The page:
I keep trying to move forward with my life as a bereaved parent, to accept (if not embrace) my new identity.
It's a process of trial and error, a journey filled with multiple regressions. Just when I think I'm okay, something happens and I'm not. This summer is a good example of what I mean by regression. It's the third summer without Ana. She was 15 when she died in 2017.
Part of my identity is trapped at the exact moment of her death. I am eternally 46-years old. Ana is eternally 15. She’s slipping away right in front of me. I am stuck at a point of critical trauma — seeing her die.
Ana’s death is seared into my memory so completely that part of my psyche is unable to move past it. She could not move forward and so part of me stayed behind with her.
As time goes by, this has created a fracture in my understanding of myself which is becoming increasingly difficult to manage. I am depressed. I feel separate from friends and family. I keep trying to move forward, but it’s like I’m a train on an uneven track — my movements are clumsy and I’m prone to derailing.
After several months of battling feelings of hopelessness and despair, I realized I needed help.
I started therapy again. I’d gone to therapy from the time Ana was diagnosed with cancer in 2012 until about a year after she died.
I stopped going over a year ago when I realized I was rehashing the same stories over and over again. I’d felt emotionally ready. It had been a year since my daughter had died, after all. Shouldn’t I start living my life again?
If only it were that easy.
The trauma of losing a child to cancer is often complicated by years of managing the illness. We lived through countless traumas that went hand in hand with the brutal treatment required to keep Ana alive.
There was the year she had to spend her 12th birthday in the hospital because she was in liver failure.
There was the time she had surgery a week before Christmas and could barely move on Christmas morning (but at least she was home).
There were those first few harrowing months after diagnosis, when her hair fell out and she missed a good chunk of 6th grade.
Once, her mouth filled with sores and her lips swelled — a condition called mucositis — which is a side effect of chemotherapy. She sobbed, insisting this was the worst symptom yet. She couldn’t eat, speak or swallow without pain.
Another time she took a bath using a scented bath bomb and had an incredibly painful skin reaction that caused her to scream for an hour. I'm still not quite sure what caused this except for the fact that her skin was extra sensitive after weeks of chemotherapy.
It was Ana, not me, that went through these horrors, though I wished with all my heart that I could somehow transfer the illness from her body to mine.
I was always worried, always waiting for the next shoe to drop. A simple fever could send us to the hospital. A new tumor could appear at any time. And, during the last few months of her life, I lived with the terrifying prospect of not being able to control her pain.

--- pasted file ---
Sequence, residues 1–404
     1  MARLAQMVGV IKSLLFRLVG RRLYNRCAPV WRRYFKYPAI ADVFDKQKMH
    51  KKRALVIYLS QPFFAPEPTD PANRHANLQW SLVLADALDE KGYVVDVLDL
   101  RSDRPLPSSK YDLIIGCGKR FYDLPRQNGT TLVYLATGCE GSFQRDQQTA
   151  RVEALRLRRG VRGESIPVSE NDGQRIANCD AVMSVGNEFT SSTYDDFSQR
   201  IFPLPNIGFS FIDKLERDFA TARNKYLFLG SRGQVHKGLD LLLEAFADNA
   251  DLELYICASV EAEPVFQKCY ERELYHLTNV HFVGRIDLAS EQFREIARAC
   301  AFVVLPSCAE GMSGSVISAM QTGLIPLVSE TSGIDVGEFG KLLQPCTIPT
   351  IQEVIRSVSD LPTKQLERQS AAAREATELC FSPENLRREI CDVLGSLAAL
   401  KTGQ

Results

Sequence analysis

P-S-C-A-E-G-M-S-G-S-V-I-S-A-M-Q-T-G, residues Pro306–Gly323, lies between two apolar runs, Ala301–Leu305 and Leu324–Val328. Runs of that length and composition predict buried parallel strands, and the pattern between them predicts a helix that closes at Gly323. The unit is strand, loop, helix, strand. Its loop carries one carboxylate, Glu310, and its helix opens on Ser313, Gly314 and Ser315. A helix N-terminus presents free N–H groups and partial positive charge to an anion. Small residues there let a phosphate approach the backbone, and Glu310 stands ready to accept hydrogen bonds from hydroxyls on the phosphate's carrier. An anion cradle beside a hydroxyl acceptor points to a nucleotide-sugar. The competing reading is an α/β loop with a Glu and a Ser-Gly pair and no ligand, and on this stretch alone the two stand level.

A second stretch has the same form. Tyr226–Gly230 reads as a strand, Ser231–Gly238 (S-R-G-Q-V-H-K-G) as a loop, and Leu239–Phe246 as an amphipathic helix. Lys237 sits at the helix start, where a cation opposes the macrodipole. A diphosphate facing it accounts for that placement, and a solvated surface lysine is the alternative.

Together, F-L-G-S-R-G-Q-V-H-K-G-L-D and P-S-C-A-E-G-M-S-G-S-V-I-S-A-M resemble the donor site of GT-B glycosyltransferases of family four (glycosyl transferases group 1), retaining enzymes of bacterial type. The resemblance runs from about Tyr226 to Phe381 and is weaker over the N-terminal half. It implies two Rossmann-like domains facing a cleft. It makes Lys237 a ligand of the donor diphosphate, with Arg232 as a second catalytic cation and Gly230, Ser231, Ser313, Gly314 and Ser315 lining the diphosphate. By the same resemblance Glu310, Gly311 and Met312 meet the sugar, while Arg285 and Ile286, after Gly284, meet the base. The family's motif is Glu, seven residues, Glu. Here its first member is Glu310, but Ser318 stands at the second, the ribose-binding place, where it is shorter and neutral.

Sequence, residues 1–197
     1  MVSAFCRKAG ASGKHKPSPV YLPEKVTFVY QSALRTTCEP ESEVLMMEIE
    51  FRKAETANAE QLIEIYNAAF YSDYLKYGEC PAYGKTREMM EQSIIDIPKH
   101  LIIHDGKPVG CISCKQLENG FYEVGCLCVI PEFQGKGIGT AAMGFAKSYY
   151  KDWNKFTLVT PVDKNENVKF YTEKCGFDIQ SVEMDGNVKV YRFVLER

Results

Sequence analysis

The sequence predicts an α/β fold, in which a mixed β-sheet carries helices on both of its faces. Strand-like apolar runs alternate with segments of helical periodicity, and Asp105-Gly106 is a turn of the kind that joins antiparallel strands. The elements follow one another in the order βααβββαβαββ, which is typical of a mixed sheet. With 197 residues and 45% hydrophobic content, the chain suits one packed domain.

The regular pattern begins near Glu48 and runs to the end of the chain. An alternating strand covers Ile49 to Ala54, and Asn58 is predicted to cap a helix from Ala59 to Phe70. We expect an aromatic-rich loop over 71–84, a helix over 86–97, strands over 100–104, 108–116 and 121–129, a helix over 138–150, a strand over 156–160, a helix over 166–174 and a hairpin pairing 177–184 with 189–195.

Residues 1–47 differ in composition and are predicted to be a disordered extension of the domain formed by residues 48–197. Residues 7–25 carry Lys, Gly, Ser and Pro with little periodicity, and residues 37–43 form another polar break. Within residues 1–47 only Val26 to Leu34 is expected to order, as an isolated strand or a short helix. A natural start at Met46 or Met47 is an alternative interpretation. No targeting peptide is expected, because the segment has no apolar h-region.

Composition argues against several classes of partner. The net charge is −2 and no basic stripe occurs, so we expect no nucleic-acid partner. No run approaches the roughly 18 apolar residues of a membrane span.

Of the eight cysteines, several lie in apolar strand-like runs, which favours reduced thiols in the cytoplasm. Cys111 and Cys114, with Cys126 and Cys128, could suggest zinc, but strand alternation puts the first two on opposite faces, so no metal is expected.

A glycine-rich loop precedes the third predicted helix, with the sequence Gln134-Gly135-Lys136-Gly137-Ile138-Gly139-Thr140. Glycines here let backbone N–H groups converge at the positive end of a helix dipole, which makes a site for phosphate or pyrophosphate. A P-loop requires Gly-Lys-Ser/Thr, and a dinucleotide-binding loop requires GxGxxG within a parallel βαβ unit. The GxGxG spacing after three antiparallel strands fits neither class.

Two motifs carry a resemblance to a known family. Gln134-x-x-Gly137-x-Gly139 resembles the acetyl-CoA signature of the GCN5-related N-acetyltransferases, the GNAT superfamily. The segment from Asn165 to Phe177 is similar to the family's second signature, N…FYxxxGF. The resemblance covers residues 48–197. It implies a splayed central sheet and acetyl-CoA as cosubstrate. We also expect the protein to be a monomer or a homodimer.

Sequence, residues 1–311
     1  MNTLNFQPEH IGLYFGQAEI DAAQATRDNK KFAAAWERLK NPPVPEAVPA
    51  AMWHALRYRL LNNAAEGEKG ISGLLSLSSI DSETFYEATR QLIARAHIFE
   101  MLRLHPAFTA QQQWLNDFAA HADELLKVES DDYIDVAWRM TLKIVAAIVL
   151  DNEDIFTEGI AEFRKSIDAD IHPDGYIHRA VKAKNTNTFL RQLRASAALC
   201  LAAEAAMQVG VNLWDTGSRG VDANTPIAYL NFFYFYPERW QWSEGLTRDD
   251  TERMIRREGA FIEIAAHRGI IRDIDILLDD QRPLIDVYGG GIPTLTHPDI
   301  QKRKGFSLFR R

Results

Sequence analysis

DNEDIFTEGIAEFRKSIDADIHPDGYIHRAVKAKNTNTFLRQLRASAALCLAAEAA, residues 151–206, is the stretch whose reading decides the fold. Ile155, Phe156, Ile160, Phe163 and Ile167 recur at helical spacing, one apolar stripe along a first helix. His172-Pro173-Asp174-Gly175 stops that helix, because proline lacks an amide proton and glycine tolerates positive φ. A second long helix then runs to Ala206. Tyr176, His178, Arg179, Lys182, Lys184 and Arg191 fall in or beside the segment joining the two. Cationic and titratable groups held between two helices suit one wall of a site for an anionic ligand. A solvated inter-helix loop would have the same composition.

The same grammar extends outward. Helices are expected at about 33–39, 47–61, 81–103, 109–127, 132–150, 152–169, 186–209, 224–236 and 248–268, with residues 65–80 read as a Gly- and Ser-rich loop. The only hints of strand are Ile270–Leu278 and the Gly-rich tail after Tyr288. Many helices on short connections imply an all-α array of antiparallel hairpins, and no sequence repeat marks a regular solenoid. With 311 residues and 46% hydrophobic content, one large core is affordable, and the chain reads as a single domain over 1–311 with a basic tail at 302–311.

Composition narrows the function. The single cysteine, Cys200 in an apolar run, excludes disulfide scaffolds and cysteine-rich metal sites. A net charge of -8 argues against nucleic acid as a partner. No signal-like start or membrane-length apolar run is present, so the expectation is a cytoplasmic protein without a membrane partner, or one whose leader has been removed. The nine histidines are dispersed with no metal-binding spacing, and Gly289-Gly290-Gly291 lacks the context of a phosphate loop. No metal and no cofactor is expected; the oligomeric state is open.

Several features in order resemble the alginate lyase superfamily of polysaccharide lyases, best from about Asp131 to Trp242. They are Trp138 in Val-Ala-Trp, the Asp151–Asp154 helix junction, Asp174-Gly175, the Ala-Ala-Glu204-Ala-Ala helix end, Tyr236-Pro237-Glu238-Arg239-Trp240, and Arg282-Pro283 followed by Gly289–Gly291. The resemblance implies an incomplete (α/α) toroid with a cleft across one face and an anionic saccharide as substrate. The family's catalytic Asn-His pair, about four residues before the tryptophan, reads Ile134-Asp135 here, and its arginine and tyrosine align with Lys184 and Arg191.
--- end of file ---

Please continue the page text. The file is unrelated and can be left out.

There was also Ana’s own awareness of dying. She didn’t talk about it much — not to me or her friends or her cousins. She went through it alone.
You can’t alleviate someone’s fear of dying, can’t take that burden on for them, not even when it’s your own child. Ana had to manage the loneliness of dying on her own. At 15, she was terrified of being in pain or of losing her dignity.
My clearest memories of Ana involve her fear and sadness. This is a cloud that hangs over my life, preventing me from truly enjoying anything anymore. Which brings me back to therapy.
I am a fractured person. Part of my identity is stuck reliving the last few moments of Ana’s life. I’m also reliving the entire length of her illness.
But I am also living in the present. I get up. I work. I clean the house and I help my younger daughter with whatever she needs. In this sense, I have moved on, but it is slow painful movement that’s weighed down by survivor’s guilt and constant longing.
Managing both identities is exhausting. They are inherently at odds with each other. Celebrating my younger daughter’s birthday, for example, reminds me that Ana has no more birthdays left to celebrate. Then I feel guilty for thinking this way and not being fully present for my surviving child.
Living simultaneously in the past and the present not only adds stress and sadness to my life, but it also prevents me from looking forward.
The future either terrifies me or provokes no emotion other than despair— it feels dead and flat and hopeless and this is ultimately why I’ve started therapy again.
I don't know how I’m supposed to exist in the world anymore. There is no clear path forward. I guess there never really is, but when Ana was alive that didn't matter. The path forward was in her future and her sister’s.
After Ana’s death, I rejected the common platitudes that I associated with grief and loss. I should accept it. I should move on. I should be grateful for the time I had with her.
The “it’s time to move on” line of thinking is extremely painful, but holding onto the past isn’t working either.
Though it’s hard for me to admit, maybe there is a kind of moving on I have to do in order to survive.
Death is forever. I’m only now starting to realize what that means. Bereaved parents are in danger of getting stuck in our grief, of holding onto the last few years, months, and moments that our child was alive.
Even though I knew Ana was dying, I couldn't fully imagine what it meant when she would be gone. Part of me is still waiting for her, still perpetually in shock that I’ll never see her again.
It’s been 27 months since I've heard her voice or looked at her beloved face, but missing her to the point of self-destruction isn’t going to bring her back.
I’m slowly trying to change my perspective on what living means for me. I am trying, really hard, to find some peace.